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Review – The Song of Songs: Exploring the Divine Romance

Charlie Cleverly is a fine devotional writer. As well as being Rector of the well-known St Aldates Church in Oxford, England, he is rapidly taking his rightful place among the best of our contemporary writers of faith. Every time Cleverly publishes a new book, I wait with some anticipation.

This latest book on Solomon’s Song of Songs is very good, but perhaps for me, not as impactful as his earlier, ‘Epiphanies of the Ordinary’, which to my mind was extra-ordinary – and a unique contribution to modern devotional writing.

Song of Songs

However, we should be grateful to Charlie for opening up again what, to so many, is an inaccessible book in the Bible. I was brought up on the poetry of the Song of Solomon. My father loved it, but in the tradition of his day, regarded it purely as an allegory describing Christ and His church. Of course, it’s far, far more than that and Cleverly cleverly brings allegory and reality together, ensuring that the book is once again made relevant to today’s church and to wider society.

For my part, I think I’ve always regarded the biblical book as far more than allegorical. As an adolescent growing up in a rather rigid church environment, the text of the Song of Solomon was often an exciting and (yes, I’ll admit it!) earthy distraction in an otherwise dull church service! It was possible to be seen reading the Bible, but to be enjoying it at the same time, perhaps for all the wrong reasons!

I read Charlie Cleverly’s new book on holiday whilst staying at a couple’s only resort. The upside of the many attractive qualities of human love was clearly evident around us! His celebration of human sexuality together with the divine romance as laid out in Solomon’s ancient song is very beautiful, as is the biblical text itself.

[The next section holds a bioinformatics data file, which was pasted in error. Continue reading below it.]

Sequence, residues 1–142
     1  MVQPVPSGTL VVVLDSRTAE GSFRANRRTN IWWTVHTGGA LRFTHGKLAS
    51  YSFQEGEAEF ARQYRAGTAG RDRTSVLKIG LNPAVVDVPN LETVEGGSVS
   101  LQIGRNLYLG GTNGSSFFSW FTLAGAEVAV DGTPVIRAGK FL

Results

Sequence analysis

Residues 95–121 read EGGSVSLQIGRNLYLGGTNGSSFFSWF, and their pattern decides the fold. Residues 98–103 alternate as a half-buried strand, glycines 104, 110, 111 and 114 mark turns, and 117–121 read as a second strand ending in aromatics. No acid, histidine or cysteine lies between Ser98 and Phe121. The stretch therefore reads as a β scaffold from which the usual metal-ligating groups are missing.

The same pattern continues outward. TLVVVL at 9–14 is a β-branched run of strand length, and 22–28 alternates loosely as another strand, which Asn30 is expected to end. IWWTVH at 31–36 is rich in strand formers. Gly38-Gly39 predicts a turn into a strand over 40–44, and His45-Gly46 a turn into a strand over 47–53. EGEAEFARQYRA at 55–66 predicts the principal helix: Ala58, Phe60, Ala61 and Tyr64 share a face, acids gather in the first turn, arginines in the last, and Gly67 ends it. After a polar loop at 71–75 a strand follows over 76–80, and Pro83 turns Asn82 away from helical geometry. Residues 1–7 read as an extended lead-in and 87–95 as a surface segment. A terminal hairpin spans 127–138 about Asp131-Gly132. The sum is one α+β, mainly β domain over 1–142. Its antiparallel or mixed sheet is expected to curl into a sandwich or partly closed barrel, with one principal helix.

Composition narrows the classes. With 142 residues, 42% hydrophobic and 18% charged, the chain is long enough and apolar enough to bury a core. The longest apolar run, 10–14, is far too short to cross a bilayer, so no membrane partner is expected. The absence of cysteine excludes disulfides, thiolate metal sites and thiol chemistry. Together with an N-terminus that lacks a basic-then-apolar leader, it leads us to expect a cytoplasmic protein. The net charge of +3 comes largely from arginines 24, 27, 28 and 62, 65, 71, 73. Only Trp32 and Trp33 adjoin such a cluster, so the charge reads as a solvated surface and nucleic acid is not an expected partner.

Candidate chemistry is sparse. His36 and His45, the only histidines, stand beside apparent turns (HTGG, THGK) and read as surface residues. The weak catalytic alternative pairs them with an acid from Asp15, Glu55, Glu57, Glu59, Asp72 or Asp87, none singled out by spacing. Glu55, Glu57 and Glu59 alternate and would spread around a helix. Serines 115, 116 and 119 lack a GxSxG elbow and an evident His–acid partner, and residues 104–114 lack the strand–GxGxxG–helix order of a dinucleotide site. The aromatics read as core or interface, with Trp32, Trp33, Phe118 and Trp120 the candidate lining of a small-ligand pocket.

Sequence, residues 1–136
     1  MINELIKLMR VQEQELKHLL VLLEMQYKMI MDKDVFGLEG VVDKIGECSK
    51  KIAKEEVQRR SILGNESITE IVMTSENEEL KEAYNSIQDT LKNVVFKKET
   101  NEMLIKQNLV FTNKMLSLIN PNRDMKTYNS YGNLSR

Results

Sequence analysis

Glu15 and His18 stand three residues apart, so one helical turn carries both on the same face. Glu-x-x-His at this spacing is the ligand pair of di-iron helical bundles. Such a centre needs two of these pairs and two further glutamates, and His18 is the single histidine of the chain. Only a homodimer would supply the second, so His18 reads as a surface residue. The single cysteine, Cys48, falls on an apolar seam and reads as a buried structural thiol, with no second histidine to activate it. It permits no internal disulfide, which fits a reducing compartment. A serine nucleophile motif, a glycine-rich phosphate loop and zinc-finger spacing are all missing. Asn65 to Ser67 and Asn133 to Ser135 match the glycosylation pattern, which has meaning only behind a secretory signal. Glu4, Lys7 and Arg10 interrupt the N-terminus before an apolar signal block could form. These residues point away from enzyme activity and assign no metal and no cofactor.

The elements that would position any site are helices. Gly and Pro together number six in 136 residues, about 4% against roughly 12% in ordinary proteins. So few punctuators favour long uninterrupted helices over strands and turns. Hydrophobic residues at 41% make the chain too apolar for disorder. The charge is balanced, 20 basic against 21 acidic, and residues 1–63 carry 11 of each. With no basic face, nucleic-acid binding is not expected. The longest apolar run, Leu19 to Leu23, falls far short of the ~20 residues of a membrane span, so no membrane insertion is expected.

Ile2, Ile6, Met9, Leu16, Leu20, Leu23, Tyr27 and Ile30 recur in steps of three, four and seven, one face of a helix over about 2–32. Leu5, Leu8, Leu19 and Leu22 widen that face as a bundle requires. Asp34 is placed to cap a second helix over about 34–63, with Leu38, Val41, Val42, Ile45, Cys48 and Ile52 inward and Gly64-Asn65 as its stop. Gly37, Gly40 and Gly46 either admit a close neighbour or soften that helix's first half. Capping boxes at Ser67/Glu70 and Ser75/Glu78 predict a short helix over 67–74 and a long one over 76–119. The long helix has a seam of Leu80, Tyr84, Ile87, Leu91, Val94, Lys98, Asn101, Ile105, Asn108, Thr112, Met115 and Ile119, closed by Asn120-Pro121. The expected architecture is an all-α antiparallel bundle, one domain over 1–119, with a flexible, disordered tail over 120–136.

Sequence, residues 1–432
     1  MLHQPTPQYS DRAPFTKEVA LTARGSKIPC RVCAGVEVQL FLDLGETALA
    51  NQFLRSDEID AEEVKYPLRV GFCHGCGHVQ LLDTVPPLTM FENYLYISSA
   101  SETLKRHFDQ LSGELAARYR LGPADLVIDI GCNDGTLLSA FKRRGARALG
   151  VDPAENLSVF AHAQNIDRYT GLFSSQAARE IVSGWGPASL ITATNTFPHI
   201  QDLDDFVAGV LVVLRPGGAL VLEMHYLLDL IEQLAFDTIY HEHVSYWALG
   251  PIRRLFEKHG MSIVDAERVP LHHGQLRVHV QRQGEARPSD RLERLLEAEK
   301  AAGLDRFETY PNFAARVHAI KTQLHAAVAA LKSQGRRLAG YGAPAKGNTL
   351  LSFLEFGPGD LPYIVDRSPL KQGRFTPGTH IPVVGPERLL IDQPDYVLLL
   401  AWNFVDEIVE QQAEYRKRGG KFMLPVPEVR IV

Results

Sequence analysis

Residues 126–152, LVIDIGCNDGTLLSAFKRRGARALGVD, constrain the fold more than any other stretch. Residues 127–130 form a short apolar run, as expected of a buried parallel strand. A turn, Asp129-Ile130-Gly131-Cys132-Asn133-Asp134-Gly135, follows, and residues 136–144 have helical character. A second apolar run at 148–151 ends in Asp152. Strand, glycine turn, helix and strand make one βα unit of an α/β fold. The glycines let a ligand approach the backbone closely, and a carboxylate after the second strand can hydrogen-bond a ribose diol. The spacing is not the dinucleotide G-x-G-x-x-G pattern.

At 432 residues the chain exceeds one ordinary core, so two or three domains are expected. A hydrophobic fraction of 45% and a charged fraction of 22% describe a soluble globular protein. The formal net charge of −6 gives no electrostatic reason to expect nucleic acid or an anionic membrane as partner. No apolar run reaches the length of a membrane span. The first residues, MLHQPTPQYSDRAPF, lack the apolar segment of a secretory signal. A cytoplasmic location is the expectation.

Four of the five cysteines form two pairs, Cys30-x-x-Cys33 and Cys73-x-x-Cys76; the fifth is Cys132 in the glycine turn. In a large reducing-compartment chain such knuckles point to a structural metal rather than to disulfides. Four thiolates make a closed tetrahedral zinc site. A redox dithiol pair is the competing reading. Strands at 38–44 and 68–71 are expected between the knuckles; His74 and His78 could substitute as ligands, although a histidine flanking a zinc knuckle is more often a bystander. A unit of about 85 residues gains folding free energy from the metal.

Cleverly’s writing is wise, clear, deep, evocative and contemplative, much as in the Song itself. One detects shades and hints of the Puritan Divine in his writing. Here are eighteen chapters covering the eight chapters of the Song of Solomon in some considerable depth. In strict terms, this is not really a commentary, but more a devotional exploration of the Divine Romance and the ‘Kiss of God’.

If anything, the book may be overly long, perhaps relying too much on quoting swathes of text from the Church Fathers. Cleverly is at his best here in his application of the Song of Songs to the Church in today’s culture. I valued his perceptive point that ‘society is obsessed by sex and the Church obsessed by marriage’– and that both such emphases are wrong! He is clear that true marriage is a ‘passionate monogamy’ and has ‘exclusive permanence’. However, he is sensitive to singleness and celibacy, but oddly silent on the persistent matter of homosexuality in human relationships.